A Beast Bred on Wall Street
The Good: A restrained and focused look at the current economic crisis.
The Bad: Frustratingly brief on how to constrain and regulate the financial services industry
The Bottom Line: A profound account that deserves a spot on any bedside table.
The Trillion Dollar Meltdown:Easy Money, High Rollers,and the Great Credit Crash
By Charles R. MorrisPublicAffairs; 194pp; $22.95
Bad Money:Reckless Finance, Failed Politics, andthe Global Crisis of American Capitalism
By Kevin PhillipsViking; 239pp; $25.95
Are you confused about how so much American debt could vaporize so fast, threatening to take down the global financial system? Are you wondering what should be done to prevent another systemic crisis in the markets? Are you puzzled over what it all means? Two recent books offer answers to these vital questions. Both place the credit crash in historical context. Each author believes Wall Street and the financial community have far too much power. More controversially, both argue the fallout will result in a dramatic transformation of the U.S. economy.
The Trillion Dollar Meltdown by Charles R. Morris deserves a spot on any bedside reading table. Morris, a former banker and sometime writer for The Atlantic Monthly, more than accomplishes his stated goal of telling his story "briefly and crisply." For instance, he manages to make clear both the mechanics of slicing and dicing collateralized debt obligations (CDOs) and why these and similar securitized credits and derivative securities went spectacularly bust. Bad Money by political analyst and author Kevin Phillips is more ambitious, tracing the current "global crisis of American capitalism" to the politics of peak oil, the rise of financial mercantilism, the triumph of market fundamentalism, and even the spread of religious conservatism. But Phillips' take is less persuasive overall, partly because he doesn't allow much nuance. It's the more restrained and focused Morris who ends up delivering the truly profound account.
Morris puts to rest any lingering notion that the credit crisis reflects merely an inflated housing market, let alone a simple subprime problem. He estimates that writedowns and defaults of residential mortgages, commercial mortgages, junk bonds, leveraged loans, credit cards, and complex securitized bonds could reach $1 trillion. (The International Monetary Fund recently picked that number for the global write-off.) The figure could double or triple should there be widespread market panic. Little wonder that the Federal Reserve Board has been working so hard to stave off financial contagion. "Credit is the air that financial markets breathe, and when the air is poisoned, there's no place to hide," writes Morris.
In essence, Morris traces America's credit madness to the rise of Chicago School free-market capitalism, best represented in the work of late Nobel laureate Milton Friedman. That ideology supplanted Keynesian liberalism, which gave government a key role in achieving low inflation, low unemployment, and fast economic growth. It's hardly accurate to say that a simple unleashing of free-market capitalism led to the improved economy of the '80s and '90s, Morris shows, but he appreciates the power of markets to nurture financial innovation and business productivity. Now, though, he believes Chicago free-market ideology is washed up, like Keynesian liberalism before it. "The current conservative, free-market cycle...seems to have long since foundered in the oily seas of gross excess," writes Morris.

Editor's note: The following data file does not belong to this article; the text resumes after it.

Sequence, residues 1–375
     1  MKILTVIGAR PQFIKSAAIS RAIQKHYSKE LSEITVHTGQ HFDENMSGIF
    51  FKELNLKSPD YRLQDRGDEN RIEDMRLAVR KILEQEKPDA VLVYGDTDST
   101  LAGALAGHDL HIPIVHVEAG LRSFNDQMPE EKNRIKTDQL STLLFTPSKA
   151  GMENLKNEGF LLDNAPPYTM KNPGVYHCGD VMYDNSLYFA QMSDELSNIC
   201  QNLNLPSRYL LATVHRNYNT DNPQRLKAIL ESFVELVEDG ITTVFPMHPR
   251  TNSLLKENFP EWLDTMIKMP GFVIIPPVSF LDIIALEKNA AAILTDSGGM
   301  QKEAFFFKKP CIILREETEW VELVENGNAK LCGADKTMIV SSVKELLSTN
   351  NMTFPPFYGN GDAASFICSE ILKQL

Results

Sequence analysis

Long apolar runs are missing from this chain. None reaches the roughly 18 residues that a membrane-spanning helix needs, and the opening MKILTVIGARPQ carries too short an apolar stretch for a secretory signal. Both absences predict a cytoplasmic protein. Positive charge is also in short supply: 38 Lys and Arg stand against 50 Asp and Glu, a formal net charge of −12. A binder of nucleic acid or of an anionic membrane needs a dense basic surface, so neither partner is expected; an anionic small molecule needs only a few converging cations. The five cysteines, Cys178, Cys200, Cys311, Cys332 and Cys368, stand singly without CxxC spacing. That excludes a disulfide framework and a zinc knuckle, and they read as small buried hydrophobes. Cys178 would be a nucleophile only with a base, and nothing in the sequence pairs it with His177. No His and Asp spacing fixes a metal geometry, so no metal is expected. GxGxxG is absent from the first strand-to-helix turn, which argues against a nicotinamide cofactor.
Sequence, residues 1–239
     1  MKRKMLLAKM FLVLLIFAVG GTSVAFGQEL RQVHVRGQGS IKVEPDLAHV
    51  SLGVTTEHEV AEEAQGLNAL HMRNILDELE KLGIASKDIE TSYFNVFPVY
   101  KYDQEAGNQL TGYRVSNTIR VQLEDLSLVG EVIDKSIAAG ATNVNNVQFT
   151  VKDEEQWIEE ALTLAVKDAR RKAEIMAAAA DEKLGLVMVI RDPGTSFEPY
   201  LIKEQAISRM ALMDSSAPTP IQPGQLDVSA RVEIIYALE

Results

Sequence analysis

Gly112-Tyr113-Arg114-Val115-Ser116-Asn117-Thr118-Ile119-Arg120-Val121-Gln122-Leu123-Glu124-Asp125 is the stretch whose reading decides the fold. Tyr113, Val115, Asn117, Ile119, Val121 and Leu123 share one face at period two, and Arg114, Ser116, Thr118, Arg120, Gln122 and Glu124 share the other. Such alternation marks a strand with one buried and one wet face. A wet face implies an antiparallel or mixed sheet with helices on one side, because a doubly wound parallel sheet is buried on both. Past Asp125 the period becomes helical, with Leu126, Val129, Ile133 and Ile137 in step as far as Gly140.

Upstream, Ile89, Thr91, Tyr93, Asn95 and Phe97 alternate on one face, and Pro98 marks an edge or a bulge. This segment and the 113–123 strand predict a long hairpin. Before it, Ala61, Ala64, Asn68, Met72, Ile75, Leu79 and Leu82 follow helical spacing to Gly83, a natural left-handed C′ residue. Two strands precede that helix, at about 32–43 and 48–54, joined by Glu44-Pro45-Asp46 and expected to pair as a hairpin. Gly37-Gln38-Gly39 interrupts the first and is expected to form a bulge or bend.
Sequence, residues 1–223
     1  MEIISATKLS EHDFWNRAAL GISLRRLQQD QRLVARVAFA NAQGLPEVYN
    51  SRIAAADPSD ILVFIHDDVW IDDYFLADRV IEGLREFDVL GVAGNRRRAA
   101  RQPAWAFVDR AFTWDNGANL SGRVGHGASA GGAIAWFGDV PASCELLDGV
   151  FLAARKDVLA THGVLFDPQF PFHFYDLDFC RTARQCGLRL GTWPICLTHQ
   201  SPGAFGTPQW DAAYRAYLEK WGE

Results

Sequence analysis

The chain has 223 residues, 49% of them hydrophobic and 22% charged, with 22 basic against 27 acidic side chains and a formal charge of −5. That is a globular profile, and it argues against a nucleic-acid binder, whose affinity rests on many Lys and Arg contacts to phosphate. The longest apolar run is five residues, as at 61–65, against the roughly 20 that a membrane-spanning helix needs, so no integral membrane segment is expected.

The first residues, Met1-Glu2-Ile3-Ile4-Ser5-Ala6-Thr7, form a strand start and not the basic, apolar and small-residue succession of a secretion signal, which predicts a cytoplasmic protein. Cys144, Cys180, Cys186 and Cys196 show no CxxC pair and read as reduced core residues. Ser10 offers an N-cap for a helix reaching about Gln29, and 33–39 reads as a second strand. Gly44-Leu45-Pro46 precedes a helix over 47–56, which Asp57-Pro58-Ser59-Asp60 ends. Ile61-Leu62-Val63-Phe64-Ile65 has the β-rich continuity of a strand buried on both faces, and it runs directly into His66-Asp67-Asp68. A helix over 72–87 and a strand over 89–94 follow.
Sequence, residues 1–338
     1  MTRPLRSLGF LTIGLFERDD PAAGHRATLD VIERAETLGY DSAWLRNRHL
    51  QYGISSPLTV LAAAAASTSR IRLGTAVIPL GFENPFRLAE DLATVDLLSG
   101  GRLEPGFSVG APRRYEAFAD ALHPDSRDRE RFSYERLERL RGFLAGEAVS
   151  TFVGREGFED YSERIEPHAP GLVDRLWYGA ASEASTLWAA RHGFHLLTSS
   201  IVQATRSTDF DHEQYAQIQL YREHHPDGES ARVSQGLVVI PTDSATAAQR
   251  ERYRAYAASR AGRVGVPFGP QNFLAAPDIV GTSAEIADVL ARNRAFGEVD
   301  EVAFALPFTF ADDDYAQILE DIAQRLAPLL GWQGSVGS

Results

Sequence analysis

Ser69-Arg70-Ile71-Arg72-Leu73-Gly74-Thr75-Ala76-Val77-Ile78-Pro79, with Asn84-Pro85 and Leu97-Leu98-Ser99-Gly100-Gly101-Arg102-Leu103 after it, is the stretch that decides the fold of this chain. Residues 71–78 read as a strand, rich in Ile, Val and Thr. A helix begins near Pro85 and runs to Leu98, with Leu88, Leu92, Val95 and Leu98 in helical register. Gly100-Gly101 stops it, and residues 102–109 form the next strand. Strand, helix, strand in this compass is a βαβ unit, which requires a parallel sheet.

Beneath the free-market paradigm, three trends conspired to create the great credit bubble. First, residential mortgages, leveraged buyouts, and other loans gravitated away from banks to global capital markets. Second, the securitization of everything meant that lenders ceased to care whether loans were good or not; they thought only about pocketing enormous fees. Third, portfolio managers' increased reliance upon quantification left them with a flawed image of reality—artificially tidy and apparently risk-free. A final culprit: former Fed Chairman Alan Greenspan, whom Morris faults for cheerleading the deregulated financial markets, allowing easy money to flourish, and failing to disabuse Wall Street of the notion that the Fed will always bail out the financial markets.
Morris manages in a mere 194 pages to explicate the forces behind the origins and popping of the credit bubble and other recent market manias, the decline in the value of the dollar, and the emergence of sovereign wealth. He also takes a stab at what might come next: a long-term decline of the U.S. economy, especially if political leaders and financial elites try to mask how deep the credit crisis runs. However, Morris holds out hope that better days lie ahead if elites exercise leadership in the mode of '80s Fed Chairman Paul Volcker, who slew inflation and restored trust to the U.S. economy. Nevertheless, Morris anticipates a nerve-wracking denouement.
Even readers who don't agree with Morris' sentiments can profit from his insights. That's less true with Phillips. Yes, he's a clever wordsmith with an astute sense of political power, especially regarding the nexus between finance and Washington. But it's annoying how much he mentions his previous books. Moreover, he has no appreciation for financial innovation. But at least his theme is clear: The financial disaster, he suggests, signals the moment when America begins to follow other imperial powers, such as Rome, Spain, and Britain, into long-term decline.
The debate about the political significance and economic implications of the credit crash are just beginning. To varying degrees, these books stake out the arguments for returning to a world where finance serves society rather than the other way around.